6. It’s a very short time. As my mom told me at the beginning of the semester, “It is only 75 days (of actual teaching).  You can do anything for 75 days.  You can scoop manure for 75 days.”  (At the time, I told her that I would rather scoop manure.)

7. It gets easier. After the first few weeks of thinking “What am I doing?  Why did I think I could do this?  I am literally going to die from exhaustion.  The students aren’t learning anything”,  you fall into a rhythm. I will never forget facing a whiteboard to write a spelling word and thinking, “OMG!  I am actually teaching!  The students are actually listening!  This isn’t so bad.”

8. Organization is key.  I used approximately 7 different colors of pen, 6 pocket folders, 5 file folders, 4 binders, 3 calendars, 2 planners, and 1 overloaded Google Drive (I swear that I didn’t exaggerate for any of those) to prepare for each week.

9. Everyone makes mistakes.  Learn from them.  Most afternoons as I reflected on my day, I thought, “That was a dumb mistake,” but my dumb mistakes taught me to ALWAYS model the desired outcome, ALWAYS tell them where to put their finished work, and ALWAYS follow through on expectations.

10. Common Core math doesn’t make much sense.  It will make you feel like a chicken teaching fish how to climb a tree.

 

 

Change {And Why It Scares Me}

Change {And Why It Scares Me}

This afternoon I went on a walk to appreciate the beautiful colors of Autumn, and my mind drifted to the topic of change.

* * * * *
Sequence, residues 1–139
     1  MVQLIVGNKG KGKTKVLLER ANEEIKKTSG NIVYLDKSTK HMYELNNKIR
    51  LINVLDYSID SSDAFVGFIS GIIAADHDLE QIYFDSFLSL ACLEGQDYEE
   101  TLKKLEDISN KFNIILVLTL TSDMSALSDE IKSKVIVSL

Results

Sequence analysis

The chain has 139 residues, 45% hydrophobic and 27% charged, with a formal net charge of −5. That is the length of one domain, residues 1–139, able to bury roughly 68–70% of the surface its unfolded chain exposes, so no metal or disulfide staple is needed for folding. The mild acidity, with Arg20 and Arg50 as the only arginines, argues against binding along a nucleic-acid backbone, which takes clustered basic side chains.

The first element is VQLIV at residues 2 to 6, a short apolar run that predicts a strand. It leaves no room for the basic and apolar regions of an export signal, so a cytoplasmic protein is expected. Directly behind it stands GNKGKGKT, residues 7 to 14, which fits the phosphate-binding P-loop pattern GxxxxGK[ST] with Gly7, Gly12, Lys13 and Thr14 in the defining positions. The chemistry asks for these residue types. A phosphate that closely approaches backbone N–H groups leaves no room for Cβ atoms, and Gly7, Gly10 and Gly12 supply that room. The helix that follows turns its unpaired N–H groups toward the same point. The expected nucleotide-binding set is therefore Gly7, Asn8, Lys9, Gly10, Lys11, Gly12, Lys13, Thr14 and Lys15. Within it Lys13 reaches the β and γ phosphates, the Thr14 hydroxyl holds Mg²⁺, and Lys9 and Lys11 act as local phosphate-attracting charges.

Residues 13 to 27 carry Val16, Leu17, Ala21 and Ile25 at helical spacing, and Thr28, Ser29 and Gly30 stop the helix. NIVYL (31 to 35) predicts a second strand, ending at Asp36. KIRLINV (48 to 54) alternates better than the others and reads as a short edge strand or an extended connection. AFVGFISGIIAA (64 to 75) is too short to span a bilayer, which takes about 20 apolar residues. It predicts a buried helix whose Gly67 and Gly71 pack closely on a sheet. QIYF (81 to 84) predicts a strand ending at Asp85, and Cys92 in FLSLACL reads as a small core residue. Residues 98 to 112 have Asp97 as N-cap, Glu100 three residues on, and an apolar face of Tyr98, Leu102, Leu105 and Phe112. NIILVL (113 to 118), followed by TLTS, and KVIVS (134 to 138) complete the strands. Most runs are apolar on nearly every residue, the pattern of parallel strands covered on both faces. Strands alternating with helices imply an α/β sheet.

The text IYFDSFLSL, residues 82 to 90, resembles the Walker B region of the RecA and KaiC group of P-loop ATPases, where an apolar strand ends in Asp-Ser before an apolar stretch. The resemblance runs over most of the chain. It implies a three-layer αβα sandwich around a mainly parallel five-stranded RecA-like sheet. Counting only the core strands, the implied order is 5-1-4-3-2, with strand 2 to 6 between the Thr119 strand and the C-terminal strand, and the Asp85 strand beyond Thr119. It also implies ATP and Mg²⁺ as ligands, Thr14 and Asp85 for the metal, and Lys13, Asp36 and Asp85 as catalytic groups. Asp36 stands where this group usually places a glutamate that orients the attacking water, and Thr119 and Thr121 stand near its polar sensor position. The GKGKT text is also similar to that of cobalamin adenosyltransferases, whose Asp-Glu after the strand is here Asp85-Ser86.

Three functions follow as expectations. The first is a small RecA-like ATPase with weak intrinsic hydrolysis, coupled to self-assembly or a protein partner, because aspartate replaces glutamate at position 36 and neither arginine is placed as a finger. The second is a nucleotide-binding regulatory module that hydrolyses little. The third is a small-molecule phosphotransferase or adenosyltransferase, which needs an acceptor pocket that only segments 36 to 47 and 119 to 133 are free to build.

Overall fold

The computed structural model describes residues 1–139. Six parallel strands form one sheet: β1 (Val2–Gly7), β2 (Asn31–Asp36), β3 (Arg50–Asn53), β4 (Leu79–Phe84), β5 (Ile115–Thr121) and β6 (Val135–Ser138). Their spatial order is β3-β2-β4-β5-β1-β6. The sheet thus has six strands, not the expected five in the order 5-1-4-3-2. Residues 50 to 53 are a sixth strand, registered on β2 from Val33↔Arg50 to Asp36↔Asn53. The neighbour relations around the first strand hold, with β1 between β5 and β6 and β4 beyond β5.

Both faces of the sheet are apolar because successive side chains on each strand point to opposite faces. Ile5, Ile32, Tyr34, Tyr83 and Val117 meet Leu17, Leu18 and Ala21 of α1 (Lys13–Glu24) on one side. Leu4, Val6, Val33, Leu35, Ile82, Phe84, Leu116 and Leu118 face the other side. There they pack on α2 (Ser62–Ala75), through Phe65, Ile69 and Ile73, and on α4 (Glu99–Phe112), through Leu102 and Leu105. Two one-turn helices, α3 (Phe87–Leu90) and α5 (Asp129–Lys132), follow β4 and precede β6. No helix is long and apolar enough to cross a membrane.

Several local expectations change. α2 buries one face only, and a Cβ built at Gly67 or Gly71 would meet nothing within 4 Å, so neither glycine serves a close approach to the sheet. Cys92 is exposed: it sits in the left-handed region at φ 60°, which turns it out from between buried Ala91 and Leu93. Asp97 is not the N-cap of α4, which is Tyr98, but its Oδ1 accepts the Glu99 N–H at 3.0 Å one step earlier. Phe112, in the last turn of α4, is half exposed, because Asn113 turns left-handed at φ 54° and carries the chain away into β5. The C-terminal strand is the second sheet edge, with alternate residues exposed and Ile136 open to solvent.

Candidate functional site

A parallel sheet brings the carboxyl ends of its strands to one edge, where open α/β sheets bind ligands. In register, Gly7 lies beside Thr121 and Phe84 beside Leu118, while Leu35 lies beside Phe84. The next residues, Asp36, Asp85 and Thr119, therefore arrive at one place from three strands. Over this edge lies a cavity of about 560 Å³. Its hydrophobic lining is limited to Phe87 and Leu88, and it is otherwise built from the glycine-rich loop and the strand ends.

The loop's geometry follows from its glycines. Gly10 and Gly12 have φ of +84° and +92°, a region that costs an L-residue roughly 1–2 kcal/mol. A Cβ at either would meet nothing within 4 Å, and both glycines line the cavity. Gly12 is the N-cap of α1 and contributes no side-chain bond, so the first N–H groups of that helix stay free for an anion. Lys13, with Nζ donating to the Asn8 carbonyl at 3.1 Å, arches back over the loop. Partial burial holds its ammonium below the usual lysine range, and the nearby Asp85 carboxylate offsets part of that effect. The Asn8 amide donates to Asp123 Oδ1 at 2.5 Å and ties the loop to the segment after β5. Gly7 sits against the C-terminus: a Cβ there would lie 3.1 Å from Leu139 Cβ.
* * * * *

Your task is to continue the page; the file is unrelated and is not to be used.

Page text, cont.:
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I have never been one to like change.

I didn’t want to start first grade because I was afraid of staying at school after lunchtime.  Since my three closest friends transferred schools after fifth grade, middle school brought the fear of eating lunch without them.  When I moved up to high school, I was terrified of the upperclassmen.  The daunting world of college was more frightening than I thought I could handle.

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You see, I don’t like change because it is scary. I am fearful.  Change is terrifying.  I am frightened.

Despite my fears, I loved first grade–as a first grader, I learned to spell “long” words (like because and swimming).  In sixth grade, I became friends with two girls that stuck with me through the most awkward years of our lives.  Some of the upperclassmen that I played sports with in high school actually turned out to be friendly.  Furthermore, college has taught me more than I ever anticipated.

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I wish that I had learned the benefits of change by now, but change still haunts me.

When change happens, I have to face the unknown. I always like to know what will happen next, when it will happen, and how it will happen.  But when change occurs, those three facts are generally left up in the air.